Five Total Strangers has all of the ingredients for a successful thriller – suspicious people, a harrowing event, an inescapable situation, and a terrifying atmosphere. The author's use of ice and snow on Pennsylvania's rural back roads made the atmosphere nearly claustrophobic, heightening the intensity inside the car. 

As good as these ingredients are, the book is just too long at 300 pages. Eventually, the mystery and the shady passengers couldn't keep my attention, which ruined the ultimate reveal at the end. By that point I just wanted the ride to be over. If you love slow-burns, then this one may be for you. I will add that the book is young-adult, but nearly all of the horror and thrillers these days caters to that audience, so don't let that throw you off. If you can get it for a few bucks, it might be worth your time. 

Get the book HERE.

Wednesday, April 7, 2021

The Protectors #01 - The Petrova Twist

Sometimes referred to as the “Stephen King” of young adult fiction, Robert Lawrence Stine (R.L. Stine) is a true literary icon. He's written a number of young adult horror series titles like Goosebumps, Rotten School, The Nightmare Room, Fear Street, Mostly Ghostly as well as dozens of stand-alone titles. As Jovial Bob Stine, the author has released a slew of humorous joke books. In addition to his own creations, Stine has contributed series entries for G.I. Joe, Man-Thing, Masters of the Universe and the movie novelizations for Ghostbusters II, Spaceballs and Big Top Pee-Wee. How does any of this interest Men's Action-Adventure fans?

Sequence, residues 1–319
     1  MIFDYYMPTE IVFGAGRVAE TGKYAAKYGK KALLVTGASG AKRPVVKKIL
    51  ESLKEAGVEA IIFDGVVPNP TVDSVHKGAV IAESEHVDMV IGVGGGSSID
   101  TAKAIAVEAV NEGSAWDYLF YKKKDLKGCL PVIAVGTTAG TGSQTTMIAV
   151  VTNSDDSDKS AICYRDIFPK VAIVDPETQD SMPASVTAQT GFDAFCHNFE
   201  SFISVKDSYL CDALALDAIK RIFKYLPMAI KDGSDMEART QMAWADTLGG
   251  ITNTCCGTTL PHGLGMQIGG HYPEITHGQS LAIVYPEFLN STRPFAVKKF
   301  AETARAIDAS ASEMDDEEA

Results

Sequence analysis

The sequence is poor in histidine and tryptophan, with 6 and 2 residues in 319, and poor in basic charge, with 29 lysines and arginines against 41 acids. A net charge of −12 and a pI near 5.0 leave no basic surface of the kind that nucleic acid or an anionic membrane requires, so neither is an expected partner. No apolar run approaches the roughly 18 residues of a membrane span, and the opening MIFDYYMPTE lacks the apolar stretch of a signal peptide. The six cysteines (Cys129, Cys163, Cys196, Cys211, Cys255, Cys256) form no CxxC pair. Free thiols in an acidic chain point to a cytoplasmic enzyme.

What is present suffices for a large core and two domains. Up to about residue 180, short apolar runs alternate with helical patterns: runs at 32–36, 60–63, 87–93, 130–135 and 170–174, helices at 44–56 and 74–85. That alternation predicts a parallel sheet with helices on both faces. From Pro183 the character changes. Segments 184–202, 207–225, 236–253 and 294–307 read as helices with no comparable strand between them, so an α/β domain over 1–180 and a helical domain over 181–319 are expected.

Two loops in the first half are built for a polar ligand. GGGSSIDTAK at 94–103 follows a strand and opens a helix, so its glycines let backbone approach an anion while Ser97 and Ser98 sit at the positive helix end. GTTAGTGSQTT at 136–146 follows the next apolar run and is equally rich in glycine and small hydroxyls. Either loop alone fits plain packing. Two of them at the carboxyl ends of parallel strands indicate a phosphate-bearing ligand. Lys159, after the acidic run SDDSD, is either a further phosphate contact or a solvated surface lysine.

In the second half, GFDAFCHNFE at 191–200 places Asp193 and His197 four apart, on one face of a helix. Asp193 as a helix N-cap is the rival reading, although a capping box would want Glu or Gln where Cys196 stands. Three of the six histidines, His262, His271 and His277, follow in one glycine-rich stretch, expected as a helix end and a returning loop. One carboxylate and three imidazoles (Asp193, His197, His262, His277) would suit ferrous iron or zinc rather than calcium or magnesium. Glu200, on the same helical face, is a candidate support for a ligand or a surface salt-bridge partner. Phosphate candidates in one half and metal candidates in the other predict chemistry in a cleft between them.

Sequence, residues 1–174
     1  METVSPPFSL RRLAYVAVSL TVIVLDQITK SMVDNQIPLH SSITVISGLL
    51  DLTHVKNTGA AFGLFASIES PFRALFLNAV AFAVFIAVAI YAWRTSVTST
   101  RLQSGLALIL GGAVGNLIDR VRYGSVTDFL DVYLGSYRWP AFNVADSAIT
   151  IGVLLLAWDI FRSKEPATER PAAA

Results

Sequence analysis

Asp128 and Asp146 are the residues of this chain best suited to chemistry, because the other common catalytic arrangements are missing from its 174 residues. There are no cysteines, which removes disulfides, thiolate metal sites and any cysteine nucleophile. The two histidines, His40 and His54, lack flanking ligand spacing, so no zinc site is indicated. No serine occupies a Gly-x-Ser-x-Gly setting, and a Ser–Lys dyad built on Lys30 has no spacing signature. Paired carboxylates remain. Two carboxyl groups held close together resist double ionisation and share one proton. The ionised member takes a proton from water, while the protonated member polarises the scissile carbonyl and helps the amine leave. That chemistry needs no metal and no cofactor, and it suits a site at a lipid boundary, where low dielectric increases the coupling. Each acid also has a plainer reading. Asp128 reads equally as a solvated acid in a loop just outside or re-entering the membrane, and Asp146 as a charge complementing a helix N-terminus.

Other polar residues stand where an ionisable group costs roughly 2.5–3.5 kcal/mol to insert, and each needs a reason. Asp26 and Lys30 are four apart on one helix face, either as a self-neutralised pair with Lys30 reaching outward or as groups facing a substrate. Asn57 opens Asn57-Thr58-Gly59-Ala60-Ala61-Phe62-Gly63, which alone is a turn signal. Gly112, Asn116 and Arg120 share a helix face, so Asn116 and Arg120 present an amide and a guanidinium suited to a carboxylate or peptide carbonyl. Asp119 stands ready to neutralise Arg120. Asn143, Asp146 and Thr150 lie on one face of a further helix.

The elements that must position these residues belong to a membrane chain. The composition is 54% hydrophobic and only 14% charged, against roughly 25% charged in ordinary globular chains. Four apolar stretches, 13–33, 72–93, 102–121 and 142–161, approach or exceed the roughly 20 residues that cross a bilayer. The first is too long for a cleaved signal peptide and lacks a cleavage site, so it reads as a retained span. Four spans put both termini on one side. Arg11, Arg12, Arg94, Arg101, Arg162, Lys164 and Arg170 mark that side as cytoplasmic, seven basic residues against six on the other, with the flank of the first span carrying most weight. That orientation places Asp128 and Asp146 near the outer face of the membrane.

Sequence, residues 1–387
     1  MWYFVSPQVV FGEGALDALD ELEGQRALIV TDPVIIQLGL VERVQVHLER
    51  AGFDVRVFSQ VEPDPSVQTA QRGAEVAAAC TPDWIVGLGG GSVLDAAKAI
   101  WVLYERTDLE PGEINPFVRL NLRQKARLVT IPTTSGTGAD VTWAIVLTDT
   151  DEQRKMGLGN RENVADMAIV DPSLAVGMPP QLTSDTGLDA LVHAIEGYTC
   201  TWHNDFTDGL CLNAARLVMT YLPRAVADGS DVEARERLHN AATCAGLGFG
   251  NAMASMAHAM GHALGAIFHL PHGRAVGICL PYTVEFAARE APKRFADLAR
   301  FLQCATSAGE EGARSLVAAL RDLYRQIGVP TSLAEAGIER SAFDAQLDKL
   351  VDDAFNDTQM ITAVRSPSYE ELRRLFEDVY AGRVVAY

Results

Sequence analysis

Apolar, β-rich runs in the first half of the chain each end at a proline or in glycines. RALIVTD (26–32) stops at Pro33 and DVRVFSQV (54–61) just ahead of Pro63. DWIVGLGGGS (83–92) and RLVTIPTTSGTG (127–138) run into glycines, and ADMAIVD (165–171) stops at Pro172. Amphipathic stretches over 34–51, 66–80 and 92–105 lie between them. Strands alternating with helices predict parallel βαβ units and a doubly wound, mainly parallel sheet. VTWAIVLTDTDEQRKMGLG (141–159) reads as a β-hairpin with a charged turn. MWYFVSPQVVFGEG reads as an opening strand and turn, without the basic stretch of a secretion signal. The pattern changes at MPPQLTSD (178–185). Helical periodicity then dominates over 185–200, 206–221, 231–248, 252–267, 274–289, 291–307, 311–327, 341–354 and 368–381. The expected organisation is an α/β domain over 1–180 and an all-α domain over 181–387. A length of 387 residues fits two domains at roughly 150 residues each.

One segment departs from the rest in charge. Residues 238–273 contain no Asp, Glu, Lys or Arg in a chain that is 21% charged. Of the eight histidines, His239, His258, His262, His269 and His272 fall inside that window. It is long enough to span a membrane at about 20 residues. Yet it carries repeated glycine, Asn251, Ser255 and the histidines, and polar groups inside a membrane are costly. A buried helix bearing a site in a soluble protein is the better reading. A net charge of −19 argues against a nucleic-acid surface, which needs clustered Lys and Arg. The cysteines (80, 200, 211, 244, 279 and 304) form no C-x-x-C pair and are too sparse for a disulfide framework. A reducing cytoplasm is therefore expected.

In February 1987, Scholastic published the first of a two book series called The Protectors. It was titled The Petrova Twist and was written by Stine under the pseudonym Zachary Blue. The idea was to cash in on the men's team-based commando popularity of the time period. Able Team, Phoenix Force, S.O.B. and other long-running series titles had tremendous marketing success in the 1980s. Using that idea, complete with similarly themed cover art, Stine introduced a team of high-school kids who are employed by the U.S. government to fight international crime. 

Here's the line-up:

- Matt O'Neal – He's an engineering genius. Think of Gadgets Schwarz of Able Team.

- Lu Golden – The martial arts guy from Vietnam.

- Riana Riggs – African-American girl with a photographic memory.

- Micky Malano – She's the master of disguises. A less violent Death Merchant Richard Camellion.

- John Wendell Waterford IV – The wealthy guy who can rub shoulders with high society.

In the book's opening chapters, each of these high-school students receive a special invitation from The White House to attend a special awards ceremony celebrating their tremendous academic success. Oddly, they can't bring any adults, and it's a solo trip for each of them (the 80s were so safe). 

Once they arrive in Washington D.C., the kids meet each other in a strange warehouse where they are introduced to Tiger Browne. He informs the kids that they have been carefully selected to serve in a government agency called CENTRAL. This agency will combat international crime and assist other government agencies on special assignments. Without any training, the team is assigned the task of helping a Soviet gymnast named Elena Petrova defect to the U.S. Will they succeed?